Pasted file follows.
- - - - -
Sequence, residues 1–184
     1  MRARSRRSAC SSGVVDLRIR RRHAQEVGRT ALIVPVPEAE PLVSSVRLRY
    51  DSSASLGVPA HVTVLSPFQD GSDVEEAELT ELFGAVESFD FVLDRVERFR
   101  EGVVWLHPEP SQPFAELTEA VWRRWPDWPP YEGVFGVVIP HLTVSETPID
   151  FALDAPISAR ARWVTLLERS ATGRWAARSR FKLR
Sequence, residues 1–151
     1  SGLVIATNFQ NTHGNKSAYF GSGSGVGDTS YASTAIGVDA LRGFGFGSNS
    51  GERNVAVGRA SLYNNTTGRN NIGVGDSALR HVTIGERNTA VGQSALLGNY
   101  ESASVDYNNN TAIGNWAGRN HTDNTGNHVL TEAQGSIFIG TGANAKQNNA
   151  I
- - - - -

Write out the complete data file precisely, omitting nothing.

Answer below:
Sequence, residues 1–184
     1  MRARSRRSAC SSGVVDLRIR RRHAQEVGRT ALIVPVPEAE PLVSSVRLRY
    51  DSSASLGVPA HVTVLSPFQD GSDVEEAELT ELFGAVESFD FVLDRVERFR
   101  EGVVWLHPEP SQPFAELTEA VWRRWPDWPP YEGVFGVVIP HLTVSETPID
   151  FALDAPISAR ARWVTLLERS ATGRWAARSR FKLR
Sequence, residues 1–151
     1  SGLVIATNFQ NTHGNKSAYF GSGSGVGDTS YASTAIGVDA LRGFGFGSNS
    51  GERNVAVGRA SLYNNTTGRN NIGVGDSALR HVTIGERNTA VGQSALLGNY
   101  ESASVDYNNN TAIGNWAGRN HTDNTGNHVL TEAQGSIFIG TGANAKQNNA
   151  I